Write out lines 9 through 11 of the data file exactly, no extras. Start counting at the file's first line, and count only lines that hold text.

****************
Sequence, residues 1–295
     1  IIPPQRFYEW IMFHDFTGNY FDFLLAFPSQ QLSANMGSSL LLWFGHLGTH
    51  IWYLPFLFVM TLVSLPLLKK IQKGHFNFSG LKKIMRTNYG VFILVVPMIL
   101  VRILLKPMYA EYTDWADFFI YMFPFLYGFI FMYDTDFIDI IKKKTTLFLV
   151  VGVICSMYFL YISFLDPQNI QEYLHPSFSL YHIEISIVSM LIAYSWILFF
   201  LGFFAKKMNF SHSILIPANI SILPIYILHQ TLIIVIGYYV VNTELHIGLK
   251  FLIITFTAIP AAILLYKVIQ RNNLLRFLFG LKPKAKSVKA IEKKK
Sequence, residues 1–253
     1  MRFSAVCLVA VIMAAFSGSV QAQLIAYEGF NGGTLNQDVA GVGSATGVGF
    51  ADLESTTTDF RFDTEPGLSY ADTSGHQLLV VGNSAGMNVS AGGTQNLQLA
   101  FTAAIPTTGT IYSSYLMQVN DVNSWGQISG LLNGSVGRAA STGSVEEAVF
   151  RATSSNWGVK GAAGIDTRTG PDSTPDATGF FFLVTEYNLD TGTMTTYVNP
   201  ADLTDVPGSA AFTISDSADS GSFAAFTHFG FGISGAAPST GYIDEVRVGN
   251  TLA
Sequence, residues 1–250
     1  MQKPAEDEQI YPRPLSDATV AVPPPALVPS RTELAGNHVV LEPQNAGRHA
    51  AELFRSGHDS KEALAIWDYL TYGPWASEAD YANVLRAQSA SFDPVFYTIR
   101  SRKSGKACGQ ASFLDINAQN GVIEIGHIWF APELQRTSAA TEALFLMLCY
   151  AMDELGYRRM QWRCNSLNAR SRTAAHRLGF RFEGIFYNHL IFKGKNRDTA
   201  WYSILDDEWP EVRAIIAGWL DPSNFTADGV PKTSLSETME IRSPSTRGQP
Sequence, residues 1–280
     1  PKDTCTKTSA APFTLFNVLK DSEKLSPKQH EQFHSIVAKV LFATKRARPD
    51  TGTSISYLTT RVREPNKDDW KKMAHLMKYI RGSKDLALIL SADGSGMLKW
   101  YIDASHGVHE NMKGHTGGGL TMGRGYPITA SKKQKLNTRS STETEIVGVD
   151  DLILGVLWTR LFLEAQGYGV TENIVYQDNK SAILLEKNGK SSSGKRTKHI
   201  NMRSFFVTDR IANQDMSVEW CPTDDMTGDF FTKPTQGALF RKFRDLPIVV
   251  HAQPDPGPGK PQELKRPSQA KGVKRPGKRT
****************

     1  MRFSAVCLVA VIMAAFSGSV QAQLIAYEGF NGGTLNQDVA GVGSATGVGF
    51  ADLESTTTDF RFDTEPGLSY ADTSGHQLLV VGNSAGMNVS AGGTQNLQLA
   101  FTAAIPTTGT IYSSYLMQVN DVNSWGQISG LLNGSVGRAA STGSVEEAVF